Super duper hand wavy, I know, but the point is: if you like how powerful Ruby is, you will lose your flipping mind over how powerful Clojure is. Macros let you easily implement ideas from all corners of computer science. It's not an accident that Clojure has so many libraries that let you use different paradigms. There's core.logic for logic programming, instaparse for building parser generators, core.typed for haskell-ish typed programming, and much more.

And macros aren't even the coolest part. I'll let you in on a secret: macros are the flashy, shiny bait that wild-eyed Clojurists lay out to ensnare curious programmers. Nay, even more powerful is Clojure's design of programming to abstractions. This design makes it incredibly easy to reuse your code and extend existing code. Of course I can't tell you how in the short space afforded by this digital outburst, but you'll grow as a programmer if you learn about it.

These last two paragraphs also hint at what makes Clojure so dadgum fun. First, by learning Clojure you get introduced to one of the most loved and respected computational traditions, Lisp and the lambda calculus. It also has a clear philosophy, articulated by Rich Hickey, that will make you a better programmer. Not only that, other programming vistas become more readily accessible.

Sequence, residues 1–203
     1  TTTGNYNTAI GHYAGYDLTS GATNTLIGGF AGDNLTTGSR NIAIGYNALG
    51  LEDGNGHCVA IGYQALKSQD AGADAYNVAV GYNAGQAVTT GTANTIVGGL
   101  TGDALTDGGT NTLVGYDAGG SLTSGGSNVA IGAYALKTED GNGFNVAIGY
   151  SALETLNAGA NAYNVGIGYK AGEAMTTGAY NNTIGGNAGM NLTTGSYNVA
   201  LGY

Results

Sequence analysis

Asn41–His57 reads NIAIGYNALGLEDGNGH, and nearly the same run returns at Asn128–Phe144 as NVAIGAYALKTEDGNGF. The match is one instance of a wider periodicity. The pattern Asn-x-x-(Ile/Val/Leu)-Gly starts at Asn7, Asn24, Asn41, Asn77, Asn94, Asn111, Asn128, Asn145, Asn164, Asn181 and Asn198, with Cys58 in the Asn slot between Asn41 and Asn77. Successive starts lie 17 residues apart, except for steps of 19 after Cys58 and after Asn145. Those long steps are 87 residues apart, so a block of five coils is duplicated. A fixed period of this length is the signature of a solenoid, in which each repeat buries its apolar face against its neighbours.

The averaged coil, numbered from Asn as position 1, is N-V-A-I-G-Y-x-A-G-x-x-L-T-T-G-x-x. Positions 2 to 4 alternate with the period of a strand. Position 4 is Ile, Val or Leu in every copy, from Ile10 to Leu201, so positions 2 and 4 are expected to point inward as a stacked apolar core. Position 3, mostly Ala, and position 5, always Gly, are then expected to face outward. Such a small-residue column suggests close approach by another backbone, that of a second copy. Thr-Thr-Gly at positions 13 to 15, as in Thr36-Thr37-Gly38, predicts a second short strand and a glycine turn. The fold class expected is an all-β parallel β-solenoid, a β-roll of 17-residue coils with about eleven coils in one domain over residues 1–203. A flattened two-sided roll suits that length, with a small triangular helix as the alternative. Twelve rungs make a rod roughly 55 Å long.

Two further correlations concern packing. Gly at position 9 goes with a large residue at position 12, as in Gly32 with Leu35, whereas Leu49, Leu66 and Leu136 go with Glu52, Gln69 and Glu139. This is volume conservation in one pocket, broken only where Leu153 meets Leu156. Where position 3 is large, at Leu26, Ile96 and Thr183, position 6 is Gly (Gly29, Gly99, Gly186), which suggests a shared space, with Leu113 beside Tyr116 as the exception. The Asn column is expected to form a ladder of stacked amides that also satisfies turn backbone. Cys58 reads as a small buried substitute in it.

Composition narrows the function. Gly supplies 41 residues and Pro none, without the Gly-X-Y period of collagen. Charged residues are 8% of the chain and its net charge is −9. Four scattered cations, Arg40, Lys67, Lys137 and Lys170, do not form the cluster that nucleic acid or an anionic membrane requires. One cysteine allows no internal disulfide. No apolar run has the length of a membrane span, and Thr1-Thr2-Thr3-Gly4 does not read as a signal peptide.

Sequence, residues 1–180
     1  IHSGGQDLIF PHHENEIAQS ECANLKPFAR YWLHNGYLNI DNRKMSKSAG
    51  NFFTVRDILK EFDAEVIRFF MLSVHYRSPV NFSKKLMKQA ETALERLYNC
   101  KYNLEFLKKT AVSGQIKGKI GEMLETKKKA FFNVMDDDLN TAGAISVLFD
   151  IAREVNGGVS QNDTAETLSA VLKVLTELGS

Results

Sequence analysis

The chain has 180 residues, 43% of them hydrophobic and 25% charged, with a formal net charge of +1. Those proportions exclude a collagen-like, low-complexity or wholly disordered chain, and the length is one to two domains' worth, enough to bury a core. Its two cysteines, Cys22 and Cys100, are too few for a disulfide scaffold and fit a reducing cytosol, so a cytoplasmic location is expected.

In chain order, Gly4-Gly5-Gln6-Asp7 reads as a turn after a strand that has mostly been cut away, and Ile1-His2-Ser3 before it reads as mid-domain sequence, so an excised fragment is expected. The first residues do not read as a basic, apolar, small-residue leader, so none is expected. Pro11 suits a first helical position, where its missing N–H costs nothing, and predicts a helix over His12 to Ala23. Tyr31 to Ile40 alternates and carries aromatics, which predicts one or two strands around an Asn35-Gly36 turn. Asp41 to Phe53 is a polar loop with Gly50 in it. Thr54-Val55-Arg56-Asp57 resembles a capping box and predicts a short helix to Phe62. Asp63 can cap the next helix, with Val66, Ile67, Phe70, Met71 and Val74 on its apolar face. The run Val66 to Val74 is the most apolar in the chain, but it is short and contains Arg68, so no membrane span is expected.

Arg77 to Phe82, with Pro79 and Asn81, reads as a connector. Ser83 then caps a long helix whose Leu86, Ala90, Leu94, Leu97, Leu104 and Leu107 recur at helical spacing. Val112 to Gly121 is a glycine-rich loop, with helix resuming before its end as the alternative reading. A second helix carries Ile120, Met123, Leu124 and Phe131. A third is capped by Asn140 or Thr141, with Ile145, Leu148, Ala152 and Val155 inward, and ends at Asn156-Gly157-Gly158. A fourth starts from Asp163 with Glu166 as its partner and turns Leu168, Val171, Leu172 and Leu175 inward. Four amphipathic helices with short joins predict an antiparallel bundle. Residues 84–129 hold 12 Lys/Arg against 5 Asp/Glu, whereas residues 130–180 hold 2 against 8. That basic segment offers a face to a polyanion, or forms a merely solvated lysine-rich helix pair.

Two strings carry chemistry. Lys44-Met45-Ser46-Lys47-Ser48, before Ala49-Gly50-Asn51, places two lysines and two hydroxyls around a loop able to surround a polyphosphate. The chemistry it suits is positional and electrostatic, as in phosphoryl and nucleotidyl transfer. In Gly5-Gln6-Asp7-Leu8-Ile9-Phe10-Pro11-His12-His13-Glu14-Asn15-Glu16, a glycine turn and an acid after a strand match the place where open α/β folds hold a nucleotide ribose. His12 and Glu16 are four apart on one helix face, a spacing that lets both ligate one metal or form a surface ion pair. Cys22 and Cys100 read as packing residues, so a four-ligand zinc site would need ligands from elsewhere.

Second, Clojure is a joy to write. Here's a quote from Matz (Ruby's creator) on his design philosophy:

By using Ruby, I want to concentrate the things I do, not the magical rules of the language, like starting with public void something something something to say, "print hello world." I just want to say, "print this!" I don't want all the surrounding magic keywords. I just want to concentrate on the task. That's the basic idea. So I have tried to make Ruby code concise and succinct.

Clojure, likewise, is concise. It lets you focus on solving the problem at hand rather than figuring out the magic whatever. People are falling in love with Clojure, spending their nights and weekends learning it hacking with it, because the experience is its own reward.

If you're looking to stretch yourself and explore more of what the world of programming has to offer, then I recommend Clojure to you with all of my crazed heart. Here are some resources for getting started:

Now go out there and start learning some Clojure!